MLB won’t address the real problem if it bans defensive shifts

DENVER, CO - AUGUST 05: The Colorado Rockies infield employ the infield shift as they defend against the Seattle Mariners during interleague play at Coors Field on August 5, 2015 in Denver, Colorado. The Rockies defeated the Mariners 7-5 in 11 innings. (Photo by Doug Pensinger/Getty Images)
DENVER, CO - AUGUST 05: The Colorado Rockies infield employ the infield shift as they defend against the Seattle Mariners during interleague play at Coors Field on August 5, 2015 in Denver, Colorado. The Rockies defeated the Mariners 7-5 in 11 innings. (Photo by Doug Pensinger/Getty Images) /
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Picture an NFL defense using the same personnel and formation against Derrick Henry as Patrick Mahomes. Or the same formation on third and 20 as on third and two. No nickel defense, no extra pass rushers … just the same four linemen, three linebackers, and four defensive backs … every single play. In other words, no strategy, no reason for the offense to adjust. Just line up and bang against each other.

That’s what pops into my head when I hear people advocate banning defensive shifts in baseball. Shifts are strategy, just like using five or six defensive backs, or four wide receivers, or three tight ends. Just like defenses bring in different personnel to adjust to offensive personnel or situations, baseball defenses have moved fielders to where they think hitters are likely to hit the ball.

Here’s the difference, though. If Patrick Mahomes sees that Travis Kelce is triple-teamed, he throws the ball to Tyreek Hill. If the Titans see that the defense is loading up the line of scrimmage to stop Henry, they run play action and throw deep. That’s regarded as basic common sense, and coaches who fail to do so usually get fired.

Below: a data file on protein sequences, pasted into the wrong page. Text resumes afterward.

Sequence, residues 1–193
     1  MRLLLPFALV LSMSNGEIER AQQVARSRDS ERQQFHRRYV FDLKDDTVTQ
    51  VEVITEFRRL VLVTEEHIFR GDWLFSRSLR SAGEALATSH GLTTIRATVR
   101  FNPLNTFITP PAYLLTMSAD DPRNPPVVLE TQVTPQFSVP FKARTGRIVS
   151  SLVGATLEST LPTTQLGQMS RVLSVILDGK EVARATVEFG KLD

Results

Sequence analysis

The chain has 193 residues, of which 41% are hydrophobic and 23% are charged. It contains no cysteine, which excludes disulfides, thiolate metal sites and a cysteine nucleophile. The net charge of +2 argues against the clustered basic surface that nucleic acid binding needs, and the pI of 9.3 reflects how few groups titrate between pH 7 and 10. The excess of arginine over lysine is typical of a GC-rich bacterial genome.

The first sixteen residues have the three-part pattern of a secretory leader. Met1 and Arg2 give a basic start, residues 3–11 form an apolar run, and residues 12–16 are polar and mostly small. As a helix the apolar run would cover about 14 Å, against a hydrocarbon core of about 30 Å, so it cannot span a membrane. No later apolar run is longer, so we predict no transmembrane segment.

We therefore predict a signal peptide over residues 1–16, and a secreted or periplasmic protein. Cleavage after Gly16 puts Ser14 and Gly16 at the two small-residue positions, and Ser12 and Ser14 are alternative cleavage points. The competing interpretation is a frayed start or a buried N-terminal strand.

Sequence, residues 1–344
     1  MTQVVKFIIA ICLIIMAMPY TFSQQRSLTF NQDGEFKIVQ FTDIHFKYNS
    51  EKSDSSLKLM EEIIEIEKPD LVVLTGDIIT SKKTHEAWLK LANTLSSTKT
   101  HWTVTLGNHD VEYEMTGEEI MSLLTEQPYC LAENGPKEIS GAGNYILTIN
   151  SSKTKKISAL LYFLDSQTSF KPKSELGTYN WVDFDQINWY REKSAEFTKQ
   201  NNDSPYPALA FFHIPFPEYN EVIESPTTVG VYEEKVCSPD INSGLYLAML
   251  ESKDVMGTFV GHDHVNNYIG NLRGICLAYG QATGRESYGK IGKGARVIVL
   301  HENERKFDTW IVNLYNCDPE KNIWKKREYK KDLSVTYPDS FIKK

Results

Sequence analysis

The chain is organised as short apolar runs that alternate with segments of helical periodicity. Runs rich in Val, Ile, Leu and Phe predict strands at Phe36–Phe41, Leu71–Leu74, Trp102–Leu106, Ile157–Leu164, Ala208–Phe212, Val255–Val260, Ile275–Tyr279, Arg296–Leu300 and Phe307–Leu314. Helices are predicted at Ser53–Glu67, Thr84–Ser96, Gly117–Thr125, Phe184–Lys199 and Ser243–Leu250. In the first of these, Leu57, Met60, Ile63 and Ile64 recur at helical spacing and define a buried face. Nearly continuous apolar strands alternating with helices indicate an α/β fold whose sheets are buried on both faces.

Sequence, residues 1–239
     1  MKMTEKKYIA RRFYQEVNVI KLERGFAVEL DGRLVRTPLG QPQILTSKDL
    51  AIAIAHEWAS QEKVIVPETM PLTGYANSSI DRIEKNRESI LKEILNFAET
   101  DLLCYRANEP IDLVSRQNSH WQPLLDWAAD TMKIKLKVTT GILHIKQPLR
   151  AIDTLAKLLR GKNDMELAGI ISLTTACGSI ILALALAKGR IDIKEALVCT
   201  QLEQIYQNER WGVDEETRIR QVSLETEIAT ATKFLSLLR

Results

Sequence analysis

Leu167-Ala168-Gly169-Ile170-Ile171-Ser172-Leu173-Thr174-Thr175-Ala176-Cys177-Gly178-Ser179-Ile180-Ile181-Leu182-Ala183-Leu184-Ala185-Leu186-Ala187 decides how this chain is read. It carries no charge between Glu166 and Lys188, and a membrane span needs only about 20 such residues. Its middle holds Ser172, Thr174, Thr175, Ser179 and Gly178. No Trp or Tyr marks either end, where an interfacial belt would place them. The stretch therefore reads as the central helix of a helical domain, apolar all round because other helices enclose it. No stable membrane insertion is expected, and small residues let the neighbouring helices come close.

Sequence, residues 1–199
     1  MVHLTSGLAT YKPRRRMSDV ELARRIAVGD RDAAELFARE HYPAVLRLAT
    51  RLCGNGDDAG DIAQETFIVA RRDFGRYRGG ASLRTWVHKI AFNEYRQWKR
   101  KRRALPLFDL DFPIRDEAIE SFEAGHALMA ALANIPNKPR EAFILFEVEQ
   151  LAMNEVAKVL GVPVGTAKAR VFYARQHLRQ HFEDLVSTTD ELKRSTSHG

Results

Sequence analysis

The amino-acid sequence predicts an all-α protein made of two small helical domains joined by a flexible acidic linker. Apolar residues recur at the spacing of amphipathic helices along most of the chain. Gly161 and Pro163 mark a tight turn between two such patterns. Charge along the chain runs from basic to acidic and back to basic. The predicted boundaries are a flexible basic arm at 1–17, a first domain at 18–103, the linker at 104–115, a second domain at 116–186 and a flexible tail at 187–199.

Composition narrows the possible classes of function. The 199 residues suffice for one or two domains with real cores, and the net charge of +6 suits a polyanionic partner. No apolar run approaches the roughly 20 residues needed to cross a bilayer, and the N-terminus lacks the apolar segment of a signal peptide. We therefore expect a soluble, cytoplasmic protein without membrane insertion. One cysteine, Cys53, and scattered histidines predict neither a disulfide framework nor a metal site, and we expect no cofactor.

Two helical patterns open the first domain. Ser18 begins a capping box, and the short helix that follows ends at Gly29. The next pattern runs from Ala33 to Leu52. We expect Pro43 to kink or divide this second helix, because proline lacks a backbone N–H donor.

Baseball is different.

When MLB hitters look out and see three infielders on the right side of the infield, with enough space on the left side that Albert Pujols could beat out a bunt, they still won’t adapt.

They just figure if they hit the ball even harder, it will get through, no matter where the fielders are. We have several years of evidence now that this is bad strategy, but you would think they have no other choice.

What we are left with is a bunch of guys hitting .230 but feeling like they are winning the argument because they hit 20 home runs. Even when they get to free agency and find out that 20 home runs won’t get them more than a minimum contract because pretty much everybody hits 20 home runs now, they keep hitting into the shift. It’s as if the lords of baseball sat down to choose a prototype ballplayer and decided on Mark Reynolds.

Now we’ve decided, since hitters refuse to adapt, we’re going to reward them for their stubbornness by not allowing the defense to adapt. Beyond violating every tenet of good parenting, this just doubles down on everything that has made baseball stagnant over the past decade by rewarding the behavior that hurts the game. Throw the ball hard, swing the bat hard, don’t worry if you miss. Forget about strategy and skill, just focus on brute strength. Never mind that folks who are into that sort of thing are probably watching football and UFC anyway.

None of which even addresses how this rule would be implemented, because as soon as they place limits on where players can be positioned, someone with the Tampa Bay Rays will start trying to think of a way around it, then there will be another rule. Knowing how these things work in baseball (think mound visits and three batter minimums), the solution is bound to be clunkier than the problem.

It’s true, watching players drive the ball into the teeth of a shift doesn’t make for riveting drama. But the trends tell us that nobody is making contact and, when they do make contact, they hit fewer ground balls. If that’s the case, will banning shifts make that much difference?

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Shifts are a calculated gamble that only work if the offense refuses to adapt. The fact that they work is the symptom, not the sickness. The sickness is the unimaginative all-or-nothing style of offense that dominates the MLB game and makes it boring and one-dimensional.